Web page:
The debate over which, between taking a shower and taking a bath, is better has been raging for a long time and ending it will take yet a long time still.
While it might be easy for one of the two to win the battle over the other, we are still going to continue arguing because each has positive factors going for it, while there are also negatives.
Some people argue that taking a bath is not very hygienic because one soaks in their own dirt for minutes on end.
Needless to say, taking a shower is quicker than taking a bath. I have woken up late on some days and all I had to do was walk right in and out of the shower, fifteen minutes tops, and I am on my way to wherever!
Logically, this means that some places might remain untouched during the shower, because the water just cascades down the body while the soap rub will just reach certain areas.
As for saving water, a lot of people have mixed reactions towards both. Some people argue that the shower only wastes water during a power shower or when taken for a long time while some sternly believe that showers are better than baths when it comes to saving water.
“International research has shown that an average 5 minute shower uses about 30-40 liters of water and a full bath uses between 200 and 225 liters of water,” said Matida Mmipi, the Public Relations Officer at the Water Utilities Corporation. “(We at the) WUC prefer people to take 3-5 minute showers. These save water, unlike full bath tubs.”
She added: “WUC advises people to take a shower. If one has to take a bath, we advise that the water level in the tub should not be above the ankles.”
The other bone of contention is which, between the two, is more hygienic than the other?
Two years ago, I found myself arguing over the same issue with a friend whom I had teased about not taking a bath regularly. Her come back had me dumbfounded.
She confidently told me that taking a bath was like taking my own filth and continuously splashing it all over my body again and again! The clever girl I was, I never had seen bathing that way, and it was, technically, true.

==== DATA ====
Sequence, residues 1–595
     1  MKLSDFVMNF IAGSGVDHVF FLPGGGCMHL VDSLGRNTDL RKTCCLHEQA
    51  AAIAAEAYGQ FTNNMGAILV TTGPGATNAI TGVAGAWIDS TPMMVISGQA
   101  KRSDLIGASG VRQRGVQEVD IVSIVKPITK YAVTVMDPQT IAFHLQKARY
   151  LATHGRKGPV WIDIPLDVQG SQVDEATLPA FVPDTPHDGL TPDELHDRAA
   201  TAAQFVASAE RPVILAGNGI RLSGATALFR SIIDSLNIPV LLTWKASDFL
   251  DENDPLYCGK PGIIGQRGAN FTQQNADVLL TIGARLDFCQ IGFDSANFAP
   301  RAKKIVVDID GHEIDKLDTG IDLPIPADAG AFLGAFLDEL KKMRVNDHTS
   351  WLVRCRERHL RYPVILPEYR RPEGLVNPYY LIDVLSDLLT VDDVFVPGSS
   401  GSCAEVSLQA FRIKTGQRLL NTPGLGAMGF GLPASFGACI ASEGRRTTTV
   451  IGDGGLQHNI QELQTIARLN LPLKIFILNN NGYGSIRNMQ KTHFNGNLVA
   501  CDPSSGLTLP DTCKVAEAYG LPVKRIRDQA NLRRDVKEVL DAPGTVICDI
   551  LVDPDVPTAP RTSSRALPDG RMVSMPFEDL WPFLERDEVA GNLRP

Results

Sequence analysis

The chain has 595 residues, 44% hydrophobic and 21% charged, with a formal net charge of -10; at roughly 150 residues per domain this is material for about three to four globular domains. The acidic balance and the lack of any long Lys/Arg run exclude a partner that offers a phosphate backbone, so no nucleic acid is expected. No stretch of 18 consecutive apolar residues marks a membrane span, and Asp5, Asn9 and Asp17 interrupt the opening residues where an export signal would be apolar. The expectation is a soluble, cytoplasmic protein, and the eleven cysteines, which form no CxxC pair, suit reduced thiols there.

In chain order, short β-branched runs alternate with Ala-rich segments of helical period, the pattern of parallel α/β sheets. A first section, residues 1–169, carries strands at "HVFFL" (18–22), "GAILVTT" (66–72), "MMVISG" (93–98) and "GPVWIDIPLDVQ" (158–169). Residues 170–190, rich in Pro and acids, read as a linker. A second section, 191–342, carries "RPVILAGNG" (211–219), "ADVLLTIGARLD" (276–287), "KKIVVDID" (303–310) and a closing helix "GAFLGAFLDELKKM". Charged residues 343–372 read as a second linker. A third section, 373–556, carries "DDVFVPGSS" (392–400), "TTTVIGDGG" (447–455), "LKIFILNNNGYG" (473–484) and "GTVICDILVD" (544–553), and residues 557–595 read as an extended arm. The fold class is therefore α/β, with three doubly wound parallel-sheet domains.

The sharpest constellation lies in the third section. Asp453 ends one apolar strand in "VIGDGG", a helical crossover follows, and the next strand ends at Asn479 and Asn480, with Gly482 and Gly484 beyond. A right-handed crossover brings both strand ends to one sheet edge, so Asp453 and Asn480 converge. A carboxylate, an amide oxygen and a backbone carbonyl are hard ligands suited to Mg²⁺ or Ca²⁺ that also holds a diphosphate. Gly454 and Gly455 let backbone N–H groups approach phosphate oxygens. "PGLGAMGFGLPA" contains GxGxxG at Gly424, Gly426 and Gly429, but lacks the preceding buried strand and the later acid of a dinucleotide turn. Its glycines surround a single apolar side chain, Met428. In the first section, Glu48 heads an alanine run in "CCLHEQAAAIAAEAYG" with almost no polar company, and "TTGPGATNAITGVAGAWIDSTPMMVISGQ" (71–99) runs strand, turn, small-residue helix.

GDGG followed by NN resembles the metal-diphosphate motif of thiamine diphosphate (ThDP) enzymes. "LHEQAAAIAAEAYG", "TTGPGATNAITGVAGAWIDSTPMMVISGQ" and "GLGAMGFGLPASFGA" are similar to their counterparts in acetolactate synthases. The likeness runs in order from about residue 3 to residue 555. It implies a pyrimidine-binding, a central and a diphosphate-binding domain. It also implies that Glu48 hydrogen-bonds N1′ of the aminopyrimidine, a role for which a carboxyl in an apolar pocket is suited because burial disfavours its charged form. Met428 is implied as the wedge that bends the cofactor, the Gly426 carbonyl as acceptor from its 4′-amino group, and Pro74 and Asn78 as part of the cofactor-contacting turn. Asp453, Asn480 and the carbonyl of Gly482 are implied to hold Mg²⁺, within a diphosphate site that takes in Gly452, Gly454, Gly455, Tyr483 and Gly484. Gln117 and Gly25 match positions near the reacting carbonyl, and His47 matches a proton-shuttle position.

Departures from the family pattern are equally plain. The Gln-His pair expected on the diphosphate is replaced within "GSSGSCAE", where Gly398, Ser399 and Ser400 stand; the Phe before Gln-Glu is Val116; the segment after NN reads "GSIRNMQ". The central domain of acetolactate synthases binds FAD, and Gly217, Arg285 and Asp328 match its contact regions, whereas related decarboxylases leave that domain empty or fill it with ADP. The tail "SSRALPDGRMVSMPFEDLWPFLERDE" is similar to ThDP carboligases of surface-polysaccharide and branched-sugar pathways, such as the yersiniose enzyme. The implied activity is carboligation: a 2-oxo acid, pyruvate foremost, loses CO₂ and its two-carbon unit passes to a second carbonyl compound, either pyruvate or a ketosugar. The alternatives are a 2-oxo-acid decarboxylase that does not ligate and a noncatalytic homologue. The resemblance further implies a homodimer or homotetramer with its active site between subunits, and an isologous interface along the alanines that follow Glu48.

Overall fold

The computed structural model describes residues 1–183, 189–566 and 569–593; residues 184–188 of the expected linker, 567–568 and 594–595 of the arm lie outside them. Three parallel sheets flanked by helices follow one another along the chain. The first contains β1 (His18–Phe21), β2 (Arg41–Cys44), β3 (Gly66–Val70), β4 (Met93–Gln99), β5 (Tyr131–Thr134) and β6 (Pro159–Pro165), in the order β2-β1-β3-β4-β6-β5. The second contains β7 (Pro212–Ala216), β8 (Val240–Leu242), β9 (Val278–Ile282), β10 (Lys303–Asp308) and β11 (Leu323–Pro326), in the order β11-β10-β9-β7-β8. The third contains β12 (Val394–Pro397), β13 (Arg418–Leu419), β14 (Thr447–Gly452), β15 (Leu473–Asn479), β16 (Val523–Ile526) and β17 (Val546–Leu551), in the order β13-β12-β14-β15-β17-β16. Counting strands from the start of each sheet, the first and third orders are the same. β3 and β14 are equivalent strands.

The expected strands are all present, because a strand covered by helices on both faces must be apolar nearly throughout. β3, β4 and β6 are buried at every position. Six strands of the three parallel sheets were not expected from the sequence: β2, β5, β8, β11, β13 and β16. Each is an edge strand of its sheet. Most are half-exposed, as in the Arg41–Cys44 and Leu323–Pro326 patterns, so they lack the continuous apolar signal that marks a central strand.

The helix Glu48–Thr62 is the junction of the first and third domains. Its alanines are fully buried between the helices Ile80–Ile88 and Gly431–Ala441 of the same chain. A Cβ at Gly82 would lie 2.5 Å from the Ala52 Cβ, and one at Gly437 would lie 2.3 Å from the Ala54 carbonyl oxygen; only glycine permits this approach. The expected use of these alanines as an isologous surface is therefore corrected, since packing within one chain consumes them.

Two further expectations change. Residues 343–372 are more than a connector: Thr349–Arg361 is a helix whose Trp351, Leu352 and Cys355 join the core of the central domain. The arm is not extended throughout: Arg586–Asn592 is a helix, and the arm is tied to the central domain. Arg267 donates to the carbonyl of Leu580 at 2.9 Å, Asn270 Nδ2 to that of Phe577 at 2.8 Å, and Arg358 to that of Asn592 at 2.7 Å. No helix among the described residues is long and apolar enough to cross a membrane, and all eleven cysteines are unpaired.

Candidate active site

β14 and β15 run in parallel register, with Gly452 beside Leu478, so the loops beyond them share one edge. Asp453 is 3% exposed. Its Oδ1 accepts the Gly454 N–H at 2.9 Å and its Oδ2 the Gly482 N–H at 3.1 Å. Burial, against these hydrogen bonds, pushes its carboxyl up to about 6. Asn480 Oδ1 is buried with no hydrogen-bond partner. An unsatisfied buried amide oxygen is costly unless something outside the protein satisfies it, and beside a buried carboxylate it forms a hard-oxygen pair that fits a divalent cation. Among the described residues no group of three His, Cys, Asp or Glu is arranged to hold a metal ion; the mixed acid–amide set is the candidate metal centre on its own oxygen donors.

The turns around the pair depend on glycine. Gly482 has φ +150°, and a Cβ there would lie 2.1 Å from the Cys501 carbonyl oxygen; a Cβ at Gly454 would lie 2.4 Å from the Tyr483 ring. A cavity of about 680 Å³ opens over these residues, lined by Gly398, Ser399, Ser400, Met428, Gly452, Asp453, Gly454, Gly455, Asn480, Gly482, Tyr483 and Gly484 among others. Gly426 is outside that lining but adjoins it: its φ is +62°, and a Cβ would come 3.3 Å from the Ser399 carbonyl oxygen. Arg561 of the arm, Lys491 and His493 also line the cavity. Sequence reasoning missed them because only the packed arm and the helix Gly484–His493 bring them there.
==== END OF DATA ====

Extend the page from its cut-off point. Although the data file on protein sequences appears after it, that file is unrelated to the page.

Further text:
“It’s not even about hygiene. As long as you don’t share a bath, I think it is ok to take a bath,” said Dr Rahman of Gaborone. “But when a woman is soaking in a tub, vaginal acidity changes and this might cause a discharge.”
Other than “splashing your own dirt” on yourself all over, the other thing is rinsing the soap off after a bath. It is difficult to do that in a bath yet it is easier to do in a shower.
I cannot forget how many times I have seen some people with white patches from soap at the back of their necks or in their ears. This does not happen in a shower.
Even though this is the case, some scientists however believe that showers have another down side regarding our health.
In 2009, a group of scientists in the US claimed that showers could be dangerous to one’s health. The researchers found out that pathogens, which occur naturally at low levels in water supplies, can accumulate in high concentrations in “biofilms” inside shower heads.
The team probed 50 shower heads from nine cities in seven states, including Chicago, Denver and New York City.
In 30 per cent of them, they found “significant levels” of mycobacterium avium and related pathogens – specifically, “more than 100 times the background levels of municipal water”. Mycobacterium avium is a pathogen linked to pulmonary disease that most often infects people with compromised immune systems but can occasionally infect healthy people.
Those in the bath camp, however, rate it for its relaxing nature. Most people use baths to relieve tensed muscles and soothe aching muscles.
They particularly enjoy the time for themselves while soaked in therapeutic herbs or bath salts. It also aids in blood circulation in the body.
Admittedly, showers are fast and one could be done with a shower in less time than it takes to fill a tub.
Showers are also effective because “they allow you to wash and rinse”. Baths, on the other hand, allow you to wash, but you can’t really rinse off the soap or dirt.
But baths do feel really good.
“Water users in Botswana should consider using showers as they save not only water but electricity as well,” insists Mmipi. “We should all have a paradigm shift and make water conservation become a way of life and we should conserve water even when nobody is watching, in the comfort of our bathrooms.”